Despite the complexity in our technology landscapes, and unforgiving expectations of employees, partners and customers alike, testing is often deprioritized. There’s no question how important it is—up to 40% of budget on major projects, amounts in the thousands or millions of dollars—goes toward testing. And yet for many companies it continues to be “un-addressed” and is often assumed to be covered by their project methodology.
I write “many,” because some top companies are already embracing testing as an essential competency and bringing it to a whole new level through Testing Centers of Excellence (TCOE). To avoid the cost and risk of business disruption due to technology failures, introduce innovative technologies in less time, and ensure consistent quality in business-critical applications, an increasing number of large scale enterprises are establishing TCOEs.
This is being triggered by the rapid speed new technologies are in demand and driving the pace of innovation. The pressure is relentless and business processes and systems must be validated more quickly than ever before, even as budgets are squeezed.
In the last blog, Worksoft discussed five strategies to successfully manage enterprise change, which culminated in the building of a center of excellence to support testing and quality assurance throughout the organization. Today we are going to delve more deeply into TCOEs and four steps toward properly planning and building one.
Step 1: Set the Proper Foundation
First, understand how your organization is ensuring the quality of systems andbusiness processes today. When and how are enterprise applications being tested? How are end-to-endbusiness processes validated when new technology is deployed? As well, your company will need to truly understand your objectives: what are the immediate drivers? What are the primary concerns you are mitigating through a TCOE? What are the most important results?
Step 2: Start with a Project
You can’t boil the ocean. You want to prove a new approach before making a large scale investment, and the best way to do that is to identify a project with which to demonstrate the value of end-to-end business process validation. Today’s automation solutions enable companies to get value early and often. In our experience, those first successes pave the way and drive demand for more.
For the deployment, you will want to address everything from the installation and configuration of the technology to be used for automated business process validation; figure out how automation fits into your software development lifecycle (SDLC) and project methodology; and identify where to leverage business process documents for staff training, compliance and other purposes. The good news is that you can demonstrate success and value quickly with automation. We’ve seen it again and again.
Step 3: Build a TCOE Program
Establish automated business process validation as a competency. To achieve business value and innovation, the TCOE must be managed the way any business asset is: as an integrated set of repeatable activities focused on producing a positive business outcome.Building a TCOE entails adopting an approach and a technology across an organization, but it’s more than skill alone. It includes people, processes, and technology.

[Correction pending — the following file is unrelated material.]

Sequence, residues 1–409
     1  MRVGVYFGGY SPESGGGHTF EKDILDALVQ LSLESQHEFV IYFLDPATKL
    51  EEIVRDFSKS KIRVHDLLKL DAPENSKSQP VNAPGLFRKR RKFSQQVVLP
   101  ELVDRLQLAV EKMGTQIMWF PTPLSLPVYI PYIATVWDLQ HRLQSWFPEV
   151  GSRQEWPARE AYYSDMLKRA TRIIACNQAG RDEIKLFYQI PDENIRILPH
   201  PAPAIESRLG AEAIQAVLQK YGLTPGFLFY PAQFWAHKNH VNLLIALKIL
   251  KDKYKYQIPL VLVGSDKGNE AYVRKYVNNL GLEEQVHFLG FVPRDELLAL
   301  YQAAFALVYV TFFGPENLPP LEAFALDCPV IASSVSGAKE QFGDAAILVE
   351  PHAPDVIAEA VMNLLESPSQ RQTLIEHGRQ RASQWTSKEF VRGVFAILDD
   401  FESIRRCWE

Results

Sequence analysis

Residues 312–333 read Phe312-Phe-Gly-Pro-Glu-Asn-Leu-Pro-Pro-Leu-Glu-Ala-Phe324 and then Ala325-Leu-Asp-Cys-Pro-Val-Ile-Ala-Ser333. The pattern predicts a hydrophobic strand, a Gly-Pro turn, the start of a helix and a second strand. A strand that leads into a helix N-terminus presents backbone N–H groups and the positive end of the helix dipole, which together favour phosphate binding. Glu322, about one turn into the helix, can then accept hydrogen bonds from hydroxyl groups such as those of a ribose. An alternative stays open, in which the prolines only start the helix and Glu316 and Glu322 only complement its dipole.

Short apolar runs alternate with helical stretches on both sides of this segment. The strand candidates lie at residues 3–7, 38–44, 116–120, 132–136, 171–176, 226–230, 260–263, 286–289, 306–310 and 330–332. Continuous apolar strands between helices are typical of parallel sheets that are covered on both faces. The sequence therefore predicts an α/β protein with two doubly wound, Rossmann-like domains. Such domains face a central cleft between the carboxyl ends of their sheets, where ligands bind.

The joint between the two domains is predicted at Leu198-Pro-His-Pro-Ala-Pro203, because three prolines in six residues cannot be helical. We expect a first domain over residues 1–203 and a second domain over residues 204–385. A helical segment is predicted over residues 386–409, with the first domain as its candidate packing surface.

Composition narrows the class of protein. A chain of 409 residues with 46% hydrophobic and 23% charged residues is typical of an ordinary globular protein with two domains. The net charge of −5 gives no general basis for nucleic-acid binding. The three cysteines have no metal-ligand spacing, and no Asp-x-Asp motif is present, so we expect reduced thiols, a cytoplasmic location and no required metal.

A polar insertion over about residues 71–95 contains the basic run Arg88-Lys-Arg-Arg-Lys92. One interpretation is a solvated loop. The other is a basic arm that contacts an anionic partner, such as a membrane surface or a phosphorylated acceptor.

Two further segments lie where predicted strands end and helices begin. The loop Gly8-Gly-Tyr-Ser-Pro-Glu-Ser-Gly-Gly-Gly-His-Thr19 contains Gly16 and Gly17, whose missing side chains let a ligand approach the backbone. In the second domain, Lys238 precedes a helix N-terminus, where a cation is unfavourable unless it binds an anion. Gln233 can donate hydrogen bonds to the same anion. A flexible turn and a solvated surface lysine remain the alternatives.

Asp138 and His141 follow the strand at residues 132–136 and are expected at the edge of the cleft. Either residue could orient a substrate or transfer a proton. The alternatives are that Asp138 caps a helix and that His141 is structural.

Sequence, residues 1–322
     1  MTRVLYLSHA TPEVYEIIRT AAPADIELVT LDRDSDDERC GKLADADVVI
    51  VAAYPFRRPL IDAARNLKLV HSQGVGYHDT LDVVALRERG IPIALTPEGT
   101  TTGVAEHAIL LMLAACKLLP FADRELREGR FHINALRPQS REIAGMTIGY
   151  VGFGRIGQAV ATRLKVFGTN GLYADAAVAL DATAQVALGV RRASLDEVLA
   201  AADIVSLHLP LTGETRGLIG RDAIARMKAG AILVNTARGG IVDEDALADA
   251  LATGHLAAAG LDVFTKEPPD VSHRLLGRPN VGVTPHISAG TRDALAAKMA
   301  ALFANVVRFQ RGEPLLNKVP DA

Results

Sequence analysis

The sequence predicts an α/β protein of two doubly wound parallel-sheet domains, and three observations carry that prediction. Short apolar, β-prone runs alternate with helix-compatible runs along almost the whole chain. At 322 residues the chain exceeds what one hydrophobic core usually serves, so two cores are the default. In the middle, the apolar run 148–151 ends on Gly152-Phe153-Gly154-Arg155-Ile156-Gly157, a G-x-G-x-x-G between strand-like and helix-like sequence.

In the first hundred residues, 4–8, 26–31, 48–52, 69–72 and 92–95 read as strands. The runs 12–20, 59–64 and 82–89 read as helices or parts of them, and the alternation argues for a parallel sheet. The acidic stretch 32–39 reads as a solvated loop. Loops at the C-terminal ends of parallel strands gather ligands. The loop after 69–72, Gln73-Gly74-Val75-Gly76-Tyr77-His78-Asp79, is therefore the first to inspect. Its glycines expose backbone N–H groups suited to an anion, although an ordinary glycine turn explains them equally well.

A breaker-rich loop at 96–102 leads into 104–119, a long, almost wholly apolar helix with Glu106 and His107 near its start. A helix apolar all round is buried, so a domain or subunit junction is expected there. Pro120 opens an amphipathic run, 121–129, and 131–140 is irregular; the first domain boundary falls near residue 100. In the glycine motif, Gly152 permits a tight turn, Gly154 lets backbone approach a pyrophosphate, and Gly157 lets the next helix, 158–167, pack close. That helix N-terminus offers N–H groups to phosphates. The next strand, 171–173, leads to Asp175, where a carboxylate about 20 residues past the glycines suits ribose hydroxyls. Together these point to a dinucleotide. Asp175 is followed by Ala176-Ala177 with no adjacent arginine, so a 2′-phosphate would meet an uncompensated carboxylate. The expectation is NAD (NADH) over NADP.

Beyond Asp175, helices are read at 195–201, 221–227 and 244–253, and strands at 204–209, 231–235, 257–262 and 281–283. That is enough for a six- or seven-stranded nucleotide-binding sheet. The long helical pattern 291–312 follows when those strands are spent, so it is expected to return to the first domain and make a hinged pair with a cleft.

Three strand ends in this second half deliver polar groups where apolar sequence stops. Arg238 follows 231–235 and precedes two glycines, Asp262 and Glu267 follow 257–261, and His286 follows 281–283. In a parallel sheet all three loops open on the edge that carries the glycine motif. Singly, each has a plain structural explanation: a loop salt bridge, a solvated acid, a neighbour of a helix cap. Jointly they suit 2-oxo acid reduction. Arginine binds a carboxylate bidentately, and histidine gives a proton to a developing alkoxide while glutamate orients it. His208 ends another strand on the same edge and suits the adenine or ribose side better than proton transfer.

Successful TCOE efforts manage to put in place a leadership structure with an executive sponsor, steering committee and subject matter experts; bring in top ranked automation technology for business process validation; and manage it like a project itself. That’s right, for the TCOE to help accelerate the success of your projects it must itself have a project charter, success criteria, clear role definitions, objectives – and a budget.
HINT: TCOE doesn’t mean you have to dedicate an army! I recently spoke with a Worksoft customer who increased their automation level from zero to more than 6,000 process test executions in 2014. I commended them on their TCOE and I immediately was met with, “We don’t have a TCOE. We just have a centralized team that has instituted standardized processes for automation.” Sounds like a TCOE to me, regardless of what we call it. And it doesn’t have to be big to be effective, it just has to perform and enable the function for the rest of the enterprise.
Step 4: Adopt Across the Enterprise
The single most important aspect to the success of a TCOE is strong executive sponsorship and an executive champion. As well, move the TCOE forward by effecting change and quantifying the value one project at a time—and continue to demonstrate its successes and value through key projects, strong communications and measurable results.
The time to build a TCOE is now. Top firms are already managing business process validation as a central function. For example, some are running 300 hours of automation to validate most of their core SAP business processes – every night! How is that possible? With 30 parallel machines and a competency in testing and automation.
Like all competitively advantageous technologies and processes, the benefits come from embracing them before your peers. That window for getting a step ahead with automated business process validation will likely close in a few short years, as the bar becomes inevitably raised and automation becomes the new normal in quality assurance.